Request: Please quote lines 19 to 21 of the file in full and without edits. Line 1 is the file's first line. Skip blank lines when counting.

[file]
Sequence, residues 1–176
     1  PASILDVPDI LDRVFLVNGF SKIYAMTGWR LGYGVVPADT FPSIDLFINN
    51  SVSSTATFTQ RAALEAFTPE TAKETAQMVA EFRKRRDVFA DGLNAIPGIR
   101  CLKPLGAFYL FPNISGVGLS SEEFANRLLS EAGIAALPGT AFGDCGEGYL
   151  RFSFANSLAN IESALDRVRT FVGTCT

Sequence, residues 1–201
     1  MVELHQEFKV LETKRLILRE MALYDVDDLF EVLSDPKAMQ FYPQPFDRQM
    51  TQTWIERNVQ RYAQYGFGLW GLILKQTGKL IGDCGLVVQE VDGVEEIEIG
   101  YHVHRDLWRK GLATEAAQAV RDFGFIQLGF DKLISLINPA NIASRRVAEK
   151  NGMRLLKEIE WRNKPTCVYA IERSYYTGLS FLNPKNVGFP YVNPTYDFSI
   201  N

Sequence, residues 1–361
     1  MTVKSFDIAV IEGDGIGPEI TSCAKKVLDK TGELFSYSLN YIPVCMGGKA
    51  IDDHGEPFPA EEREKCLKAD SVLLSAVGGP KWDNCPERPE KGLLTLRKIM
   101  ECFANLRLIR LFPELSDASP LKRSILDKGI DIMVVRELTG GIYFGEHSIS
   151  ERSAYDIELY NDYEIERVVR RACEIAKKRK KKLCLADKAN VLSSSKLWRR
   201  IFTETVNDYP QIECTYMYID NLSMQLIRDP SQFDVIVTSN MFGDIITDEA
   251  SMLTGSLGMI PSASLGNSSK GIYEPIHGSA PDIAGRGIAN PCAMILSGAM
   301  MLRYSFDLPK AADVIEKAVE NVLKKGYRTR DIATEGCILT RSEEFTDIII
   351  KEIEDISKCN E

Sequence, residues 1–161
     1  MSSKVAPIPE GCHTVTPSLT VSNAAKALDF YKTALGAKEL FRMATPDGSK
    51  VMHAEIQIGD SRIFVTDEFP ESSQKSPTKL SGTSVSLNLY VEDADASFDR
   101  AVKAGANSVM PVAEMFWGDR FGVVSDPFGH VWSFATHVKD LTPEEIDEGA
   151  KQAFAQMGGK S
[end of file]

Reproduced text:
   301  MLRYSFDLPK AADVIEKAVE NVLKKGYRTR DIATEGCILT RSEEFTDIII
   351  KEIEDISKCN E

Sequence, residues 1–161